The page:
Managing pain in practice - 2010

The debate about NSAIDs
Andrew Moore
pp 1-3
How well is pain treated? Absolutely awfully. The record is dismal, whether it is acute pain in hospital or chronic pain in the community. The Pain in Europe survey (, to take the largest example, found that one in five of 50,000 adults had pain of moderate intensity or worse, almost daily, and lasting more than six months; for half, pain has lasted ten years or more. They thought their treatment was poor.
What is pain? Examining what we feel
Dominic Aldington
pp 4-5
Pain is certainly not just nociception – the neural processing of ‘noxious’ stimuli. Nor is it just one thing – despite the fact that we use the same word for many types of pain. Thus, if we catch our finger in a drawer we will describe a pain. However, this is clearly very different to the pain of childbirth, which in turn is different to phantom limb pain, which in turn is different to chronic low back pain.
Comment: A new focus on a complex issue
Dominic Aldington
pp 5-5
As befits the inaugural editorial in the first edition of any journal, I would like to thank you for reading thus far. I would also like to take the opportunity to tell you a little more about our aims for Managing pain in practice (MPIP). The journal has been developed with the primary focus of providing information to healthcare professionals on the current thinking and practice in the management of pain.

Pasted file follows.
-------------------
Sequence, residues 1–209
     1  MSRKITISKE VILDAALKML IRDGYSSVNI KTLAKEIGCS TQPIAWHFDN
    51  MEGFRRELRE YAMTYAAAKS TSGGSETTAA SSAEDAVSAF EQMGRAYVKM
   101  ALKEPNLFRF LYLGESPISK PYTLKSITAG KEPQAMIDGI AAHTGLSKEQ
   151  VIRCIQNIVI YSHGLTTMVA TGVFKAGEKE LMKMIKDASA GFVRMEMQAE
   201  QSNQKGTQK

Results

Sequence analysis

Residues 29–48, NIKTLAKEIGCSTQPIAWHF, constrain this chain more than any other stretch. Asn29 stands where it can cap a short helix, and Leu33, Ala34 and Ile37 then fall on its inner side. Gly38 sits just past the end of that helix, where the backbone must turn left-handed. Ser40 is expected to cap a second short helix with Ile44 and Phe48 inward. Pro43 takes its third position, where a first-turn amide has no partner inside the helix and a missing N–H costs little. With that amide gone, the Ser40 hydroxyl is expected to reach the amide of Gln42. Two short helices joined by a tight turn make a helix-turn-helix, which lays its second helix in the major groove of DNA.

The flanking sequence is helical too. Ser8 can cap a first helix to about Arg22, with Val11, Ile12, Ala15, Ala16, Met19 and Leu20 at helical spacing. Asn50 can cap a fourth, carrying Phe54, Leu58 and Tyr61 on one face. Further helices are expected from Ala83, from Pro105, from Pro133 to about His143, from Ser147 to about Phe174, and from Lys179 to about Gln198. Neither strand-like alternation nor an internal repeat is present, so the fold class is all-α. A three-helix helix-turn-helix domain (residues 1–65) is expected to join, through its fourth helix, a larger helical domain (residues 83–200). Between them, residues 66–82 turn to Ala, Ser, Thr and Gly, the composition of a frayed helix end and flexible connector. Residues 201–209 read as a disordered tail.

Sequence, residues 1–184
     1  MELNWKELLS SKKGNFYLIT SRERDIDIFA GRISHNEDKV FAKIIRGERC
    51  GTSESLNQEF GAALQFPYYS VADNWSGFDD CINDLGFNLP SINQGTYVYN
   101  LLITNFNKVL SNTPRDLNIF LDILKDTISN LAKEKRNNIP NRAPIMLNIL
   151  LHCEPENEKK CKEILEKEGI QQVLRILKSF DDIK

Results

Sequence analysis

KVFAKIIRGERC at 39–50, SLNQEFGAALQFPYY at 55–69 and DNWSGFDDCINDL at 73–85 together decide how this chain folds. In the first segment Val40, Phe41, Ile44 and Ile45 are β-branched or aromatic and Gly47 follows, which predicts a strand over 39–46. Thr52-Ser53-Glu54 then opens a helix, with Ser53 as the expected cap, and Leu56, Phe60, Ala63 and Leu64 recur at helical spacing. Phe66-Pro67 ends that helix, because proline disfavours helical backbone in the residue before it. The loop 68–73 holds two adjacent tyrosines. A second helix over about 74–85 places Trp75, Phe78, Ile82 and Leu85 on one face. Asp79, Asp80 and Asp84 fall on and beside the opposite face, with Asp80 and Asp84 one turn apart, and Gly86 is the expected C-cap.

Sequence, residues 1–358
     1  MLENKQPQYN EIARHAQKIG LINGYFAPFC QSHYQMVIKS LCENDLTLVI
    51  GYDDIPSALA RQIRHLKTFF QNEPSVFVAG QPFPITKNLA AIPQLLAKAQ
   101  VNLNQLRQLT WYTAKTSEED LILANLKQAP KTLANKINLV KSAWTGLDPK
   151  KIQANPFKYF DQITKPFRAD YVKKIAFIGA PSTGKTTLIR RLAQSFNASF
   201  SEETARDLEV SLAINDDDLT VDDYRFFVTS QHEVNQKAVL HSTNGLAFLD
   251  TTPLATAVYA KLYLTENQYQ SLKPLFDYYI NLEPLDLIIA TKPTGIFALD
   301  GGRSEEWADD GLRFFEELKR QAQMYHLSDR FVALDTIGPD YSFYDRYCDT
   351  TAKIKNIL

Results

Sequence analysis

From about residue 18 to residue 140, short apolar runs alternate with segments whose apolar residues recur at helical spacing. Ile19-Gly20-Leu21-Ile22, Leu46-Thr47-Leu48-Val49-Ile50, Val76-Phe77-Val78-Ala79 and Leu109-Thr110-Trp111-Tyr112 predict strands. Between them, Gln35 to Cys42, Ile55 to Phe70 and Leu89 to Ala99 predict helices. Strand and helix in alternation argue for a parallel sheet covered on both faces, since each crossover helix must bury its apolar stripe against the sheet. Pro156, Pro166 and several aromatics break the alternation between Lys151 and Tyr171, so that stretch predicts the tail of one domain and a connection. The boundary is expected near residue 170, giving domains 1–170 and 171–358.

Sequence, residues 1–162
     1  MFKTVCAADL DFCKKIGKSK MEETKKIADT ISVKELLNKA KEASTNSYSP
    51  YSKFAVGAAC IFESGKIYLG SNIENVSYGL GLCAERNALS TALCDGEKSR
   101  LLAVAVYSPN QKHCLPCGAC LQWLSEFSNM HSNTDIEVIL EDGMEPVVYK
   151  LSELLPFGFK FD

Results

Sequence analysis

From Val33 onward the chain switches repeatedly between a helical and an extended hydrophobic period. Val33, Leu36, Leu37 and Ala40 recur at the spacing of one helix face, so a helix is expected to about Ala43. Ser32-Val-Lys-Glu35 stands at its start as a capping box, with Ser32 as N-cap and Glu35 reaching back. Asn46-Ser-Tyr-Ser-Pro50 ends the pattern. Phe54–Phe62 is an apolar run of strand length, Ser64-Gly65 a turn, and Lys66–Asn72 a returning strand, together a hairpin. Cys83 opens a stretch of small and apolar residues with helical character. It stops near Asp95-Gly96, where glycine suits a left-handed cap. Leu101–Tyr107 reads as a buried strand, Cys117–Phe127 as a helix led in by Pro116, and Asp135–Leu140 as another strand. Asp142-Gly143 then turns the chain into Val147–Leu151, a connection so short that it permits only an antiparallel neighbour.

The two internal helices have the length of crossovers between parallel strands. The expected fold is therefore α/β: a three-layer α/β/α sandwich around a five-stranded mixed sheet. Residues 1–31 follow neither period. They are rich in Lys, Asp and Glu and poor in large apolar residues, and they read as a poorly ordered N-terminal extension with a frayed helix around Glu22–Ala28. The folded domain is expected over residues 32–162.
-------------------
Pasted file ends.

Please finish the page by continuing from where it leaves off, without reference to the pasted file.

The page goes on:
The challenge of prescribing – and patient adherence – in medication management
Norman Evans
pp 6-7
Despite the use of medicines being the most common healthcare intervention, patients do not always use them in the way the prescriber intended. This can result in ill health, which could have been avoided, and waste.
A three-pot system for the pain ladder
Henry McQuay
pp 8-8
Sacrificing some precision for the sake of clarity, one can argue that for all nociceptive pain we use the same range of analgesics, from paracetamol through to morphine. In acute pain, we may start with the strongest and move to less potent drugs as the pain abates. In chronic pain, we may start with the less potent and move to the strongest if the pain becomes more severe.
Diagnosing, treating and managing the pain arising from osteoarthritis: part 1
John Dickson
pp 9-11
Osteoarthritis (OA) is a painful, functionally limiting joint condition, mostly affecting the over-45s, which impairs quality of life. While OA is rarely seen before the age of 45, it is the most common cause of disability in those over the age of 65. Hip and/or knee OA affect 20% of the older population.